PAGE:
With rain falling at the TT in Albi, strategy is going to play a very important role. Tyler Hamilton told me after the 2003 Tour de France that the final TT, where he jumped from seventh to fourth overall was all about strategy. First off, the course was a point-to-point, and with a strong tailwind blowing all the way from the start to the finish it would mean that the overall time each rider spent on course would be less. This being the case, even though Tyler was faster than some of the riders ahead of him, with the faster overall times there was a possibility that he would not be on course long enough to gain back much time. Also, with rain coming down, taking a risk could lead to a crash.
Because the first half of the course was flat and fast, and the second half was tricky and technical, Tyler decided to race as hard as he could when there was less risk and back off when the course became more technical. His decisions paid off, though he just missed a podium place.
Lance Armstrong and his director used different tactics. To implement their plan, they would designate one rider who started much earlier than the Texas Tornado to ride the course flat out. This rider would radio back any tricky sections or sections demanding more attention insuring that Lance could give maximum possible effort at all times.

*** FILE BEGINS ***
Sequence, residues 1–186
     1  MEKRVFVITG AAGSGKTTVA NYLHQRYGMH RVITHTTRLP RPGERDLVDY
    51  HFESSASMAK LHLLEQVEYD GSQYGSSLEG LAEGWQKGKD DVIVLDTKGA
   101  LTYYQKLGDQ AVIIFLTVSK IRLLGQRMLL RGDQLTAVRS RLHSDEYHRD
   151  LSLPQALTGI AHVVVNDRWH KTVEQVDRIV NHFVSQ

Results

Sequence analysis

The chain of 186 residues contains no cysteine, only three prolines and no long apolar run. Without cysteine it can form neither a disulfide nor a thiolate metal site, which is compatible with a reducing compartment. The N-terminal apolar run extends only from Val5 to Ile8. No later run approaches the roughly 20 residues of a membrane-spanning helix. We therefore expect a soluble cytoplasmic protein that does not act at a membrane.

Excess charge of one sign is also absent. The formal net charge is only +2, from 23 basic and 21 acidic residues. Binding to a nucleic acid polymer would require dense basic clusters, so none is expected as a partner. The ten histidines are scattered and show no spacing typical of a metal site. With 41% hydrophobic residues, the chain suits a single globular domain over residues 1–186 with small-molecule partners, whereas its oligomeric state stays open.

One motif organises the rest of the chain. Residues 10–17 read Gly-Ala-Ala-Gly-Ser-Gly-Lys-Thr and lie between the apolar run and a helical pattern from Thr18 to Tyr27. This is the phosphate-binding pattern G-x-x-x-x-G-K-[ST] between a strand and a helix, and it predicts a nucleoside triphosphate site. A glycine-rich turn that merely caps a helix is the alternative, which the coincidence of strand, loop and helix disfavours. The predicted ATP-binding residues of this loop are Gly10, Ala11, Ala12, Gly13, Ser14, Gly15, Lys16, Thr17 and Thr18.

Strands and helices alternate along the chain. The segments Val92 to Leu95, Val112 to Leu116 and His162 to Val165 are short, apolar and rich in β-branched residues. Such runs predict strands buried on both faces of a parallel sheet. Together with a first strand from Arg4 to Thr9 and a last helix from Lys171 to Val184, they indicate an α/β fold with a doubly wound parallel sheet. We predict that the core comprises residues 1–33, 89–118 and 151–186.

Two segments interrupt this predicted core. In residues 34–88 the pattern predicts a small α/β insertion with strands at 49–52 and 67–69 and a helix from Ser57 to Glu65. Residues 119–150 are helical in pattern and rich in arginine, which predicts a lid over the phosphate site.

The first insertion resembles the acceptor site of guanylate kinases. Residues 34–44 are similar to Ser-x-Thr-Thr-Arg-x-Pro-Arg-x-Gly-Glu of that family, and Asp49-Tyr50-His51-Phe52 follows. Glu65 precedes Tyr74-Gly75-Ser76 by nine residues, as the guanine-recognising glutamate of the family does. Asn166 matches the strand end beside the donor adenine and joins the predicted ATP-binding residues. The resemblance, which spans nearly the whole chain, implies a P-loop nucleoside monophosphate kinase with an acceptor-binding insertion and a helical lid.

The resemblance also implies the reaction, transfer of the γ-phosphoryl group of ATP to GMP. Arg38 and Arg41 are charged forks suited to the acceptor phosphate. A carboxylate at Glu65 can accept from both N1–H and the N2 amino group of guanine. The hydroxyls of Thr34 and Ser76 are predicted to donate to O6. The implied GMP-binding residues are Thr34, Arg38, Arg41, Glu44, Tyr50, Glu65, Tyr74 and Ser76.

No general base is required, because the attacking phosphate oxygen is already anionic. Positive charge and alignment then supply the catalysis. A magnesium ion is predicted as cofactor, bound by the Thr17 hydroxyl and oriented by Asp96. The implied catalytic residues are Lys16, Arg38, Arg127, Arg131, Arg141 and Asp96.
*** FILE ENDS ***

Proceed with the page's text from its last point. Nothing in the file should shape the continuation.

Of course, all the riders preview the course weeks or months in advance and then usually ride the route the morning of the TT just to make sure they know what is coming. Michael Rasmussen admitted that he did not preview the final TT course in the 2005 Tour. His multiple crashes and slide from, second to seventh place were the result. You can be assured he will not make that mistake again.
So what happened in Albi? Vino proved that he is a warrior. He is still in the show! Evans impressed me the most, as I said in an earlier blog, this is a man on a mission! And, the Chicken showed that he can limit his losses when it counts. It is going to be a battle royale in the Pyrenees.